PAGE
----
Any U.S. citizen or legal resident aged 65 or older is potentially eligible for Medicare, provided their income and the value of their assets are not too high. Citizens and legal residents under the age of 65 may be eligible if they are on SSDI or have certain medical conditions.
Citizens and applicants with resident visas who have lived in the U.S. for five years in a row and who have been receiving SSDI for at least 24 months are eligible for Medicare. People in this situation do not need to apply and should automatically be enrolled and receive their Medicare card three months before they become eligible.
It is also possible to be eligible for Medicare before age 65 with a diagnosis of end-stage renal disease. Applicants must have either had a kidney transplant or be receiving dialysis treatments. They must also be eligible to receive SSDI or railroad retirement benefits or otherwise be considered fully insured by Social Security.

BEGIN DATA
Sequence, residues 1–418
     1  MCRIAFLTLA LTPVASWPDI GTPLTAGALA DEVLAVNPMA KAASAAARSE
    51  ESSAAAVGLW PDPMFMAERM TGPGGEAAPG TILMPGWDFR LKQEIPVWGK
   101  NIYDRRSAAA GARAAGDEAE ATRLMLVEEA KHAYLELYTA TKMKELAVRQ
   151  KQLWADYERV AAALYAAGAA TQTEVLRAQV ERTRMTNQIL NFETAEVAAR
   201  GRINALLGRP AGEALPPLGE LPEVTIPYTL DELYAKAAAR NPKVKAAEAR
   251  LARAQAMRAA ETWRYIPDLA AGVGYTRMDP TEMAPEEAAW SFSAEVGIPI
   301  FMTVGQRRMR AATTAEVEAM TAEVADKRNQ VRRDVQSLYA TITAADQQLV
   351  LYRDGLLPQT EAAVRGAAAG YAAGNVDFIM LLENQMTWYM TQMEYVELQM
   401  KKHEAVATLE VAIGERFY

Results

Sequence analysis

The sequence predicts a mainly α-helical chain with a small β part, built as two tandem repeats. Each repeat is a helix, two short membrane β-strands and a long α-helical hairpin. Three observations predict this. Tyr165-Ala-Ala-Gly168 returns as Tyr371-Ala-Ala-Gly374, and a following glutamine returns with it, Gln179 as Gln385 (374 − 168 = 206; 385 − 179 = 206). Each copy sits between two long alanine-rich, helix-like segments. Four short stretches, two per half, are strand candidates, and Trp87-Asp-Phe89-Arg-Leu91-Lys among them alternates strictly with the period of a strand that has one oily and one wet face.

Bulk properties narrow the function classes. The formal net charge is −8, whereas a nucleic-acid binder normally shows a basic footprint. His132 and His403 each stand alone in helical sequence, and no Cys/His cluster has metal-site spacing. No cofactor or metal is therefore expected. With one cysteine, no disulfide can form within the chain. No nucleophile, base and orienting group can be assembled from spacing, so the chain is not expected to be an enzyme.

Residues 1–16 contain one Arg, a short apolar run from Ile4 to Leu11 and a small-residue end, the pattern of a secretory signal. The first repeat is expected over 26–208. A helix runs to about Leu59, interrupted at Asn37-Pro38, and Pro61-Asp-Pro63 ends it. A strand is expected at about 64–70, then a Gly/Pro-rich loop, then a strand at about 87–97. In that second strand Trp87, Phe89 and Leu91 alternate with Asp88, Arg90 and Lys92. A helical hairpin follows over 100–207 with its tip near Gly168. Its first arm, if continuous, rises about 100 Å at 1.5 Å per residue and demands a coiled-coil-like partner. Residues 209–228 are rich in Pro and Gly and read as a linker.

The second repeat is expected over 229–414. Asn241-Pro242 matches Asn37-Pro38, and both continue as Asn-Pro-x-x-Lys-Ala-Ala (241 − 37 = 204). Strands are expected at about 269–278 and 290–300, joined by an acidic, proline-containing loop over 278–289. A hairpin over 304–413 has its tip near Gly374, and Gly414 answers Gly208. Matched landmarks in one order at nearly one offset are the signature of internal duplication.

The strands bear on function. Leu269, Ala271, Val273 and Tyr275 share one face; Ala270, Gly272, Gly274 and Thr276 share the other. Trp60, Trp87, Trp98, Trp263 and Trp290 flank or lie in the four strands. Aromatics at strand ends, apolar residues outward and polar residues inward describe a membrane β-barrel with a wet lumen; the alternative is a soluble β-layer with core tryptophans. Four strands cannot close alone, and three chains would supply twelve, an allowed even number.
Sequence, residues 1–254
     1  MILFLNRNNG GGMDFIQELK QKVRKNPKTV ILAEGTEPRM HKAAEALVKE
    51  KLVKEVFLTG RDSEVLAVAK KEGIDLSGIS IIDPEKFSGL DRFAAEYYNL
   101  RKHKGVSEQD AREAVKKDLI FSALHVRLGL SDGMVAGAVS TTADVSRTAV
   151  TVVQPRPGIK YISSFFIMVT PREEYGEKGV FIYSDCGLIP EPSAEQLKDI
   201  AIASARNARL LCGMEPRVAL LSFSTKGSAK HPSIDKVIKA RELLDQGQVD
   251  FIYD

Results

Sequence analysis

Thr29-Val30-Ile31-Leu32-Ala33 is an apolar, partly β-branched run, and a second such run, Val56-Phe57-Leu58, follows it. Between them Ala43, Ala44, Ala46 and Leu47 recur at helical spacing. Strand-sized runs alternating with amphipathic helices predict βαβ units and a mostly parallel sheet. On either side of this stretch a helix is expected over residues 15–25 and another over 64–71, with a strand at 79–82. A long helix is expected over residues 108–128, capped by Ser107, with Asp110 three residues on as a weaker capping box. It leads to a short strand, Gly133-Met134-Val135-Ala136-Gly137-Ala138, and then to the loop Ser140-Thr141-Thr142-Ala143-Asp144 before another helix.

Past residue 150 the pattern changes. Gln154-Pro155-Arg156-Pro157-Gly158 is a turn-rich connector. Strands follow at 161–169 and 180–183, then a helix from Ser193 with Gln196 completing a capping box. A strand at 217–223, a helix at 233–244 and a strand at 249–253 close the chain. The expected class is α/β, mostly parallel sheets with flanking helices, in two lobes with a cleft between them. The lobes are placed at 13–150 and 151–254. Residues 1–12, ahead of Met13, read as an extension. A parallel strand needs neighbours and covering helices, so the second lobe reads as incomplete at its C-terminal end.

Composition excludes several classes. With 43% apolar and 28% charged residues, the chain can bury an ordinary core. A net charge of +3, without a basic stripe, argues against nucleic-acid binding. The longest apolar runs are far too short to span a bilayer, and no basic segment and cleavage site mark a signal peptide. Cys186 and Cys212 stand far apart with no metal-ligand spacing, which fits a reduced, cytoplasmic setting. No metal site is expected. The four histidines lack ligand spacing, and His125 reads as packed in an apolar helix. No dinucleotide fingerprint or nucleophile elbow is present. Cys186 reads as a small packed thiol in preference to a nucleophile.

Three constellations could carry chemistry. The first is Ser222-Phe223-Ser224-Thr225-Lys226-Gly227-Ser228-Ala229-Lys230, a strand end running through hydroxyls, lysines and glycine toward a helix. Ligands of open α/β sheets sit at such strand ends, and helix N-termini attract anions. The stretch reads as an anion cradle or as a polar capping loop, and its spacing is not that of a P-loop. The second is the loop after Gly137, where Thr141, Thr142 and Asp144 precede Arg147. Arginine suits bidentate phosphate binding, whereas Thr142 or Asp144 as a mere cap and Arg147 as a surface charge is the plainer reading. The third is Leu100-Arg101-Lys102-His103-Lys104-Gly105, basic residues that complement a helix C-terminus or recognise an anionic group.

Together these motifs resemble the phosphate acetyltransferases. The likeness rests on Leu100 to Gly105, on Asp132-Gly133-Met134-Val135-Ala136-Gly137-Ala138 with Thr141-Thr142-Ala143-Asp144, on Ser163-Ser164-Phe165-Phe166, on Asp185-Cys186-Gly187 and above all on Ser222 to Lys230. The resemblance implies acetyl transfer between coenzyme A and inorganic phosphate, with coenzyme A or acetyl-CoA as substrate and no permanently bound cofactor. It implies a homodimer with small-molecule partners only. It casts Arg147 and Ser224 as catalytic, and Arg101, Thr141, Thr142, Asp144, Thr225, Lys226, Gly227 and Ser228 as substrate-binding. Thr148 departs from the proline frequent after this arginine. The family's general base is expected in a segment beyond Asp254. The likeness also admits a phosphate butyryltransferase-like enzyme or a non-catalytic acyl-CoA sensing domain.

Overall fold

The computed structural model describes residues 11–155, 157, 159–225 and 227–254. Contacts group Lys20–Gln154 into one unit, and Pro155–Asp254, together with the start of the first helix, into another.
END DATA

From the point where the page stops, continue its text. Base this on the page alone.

A diagnosis of amyotrophic lateral sclerosis, better known as Lou Gehrig's disease, also makes applicants under the age of 65 eligible. Once SSDI has been established for the condition, enrollment in Medicare is automatic and immediate. It is also automatic for railroad workers receiving a disability check for the condition.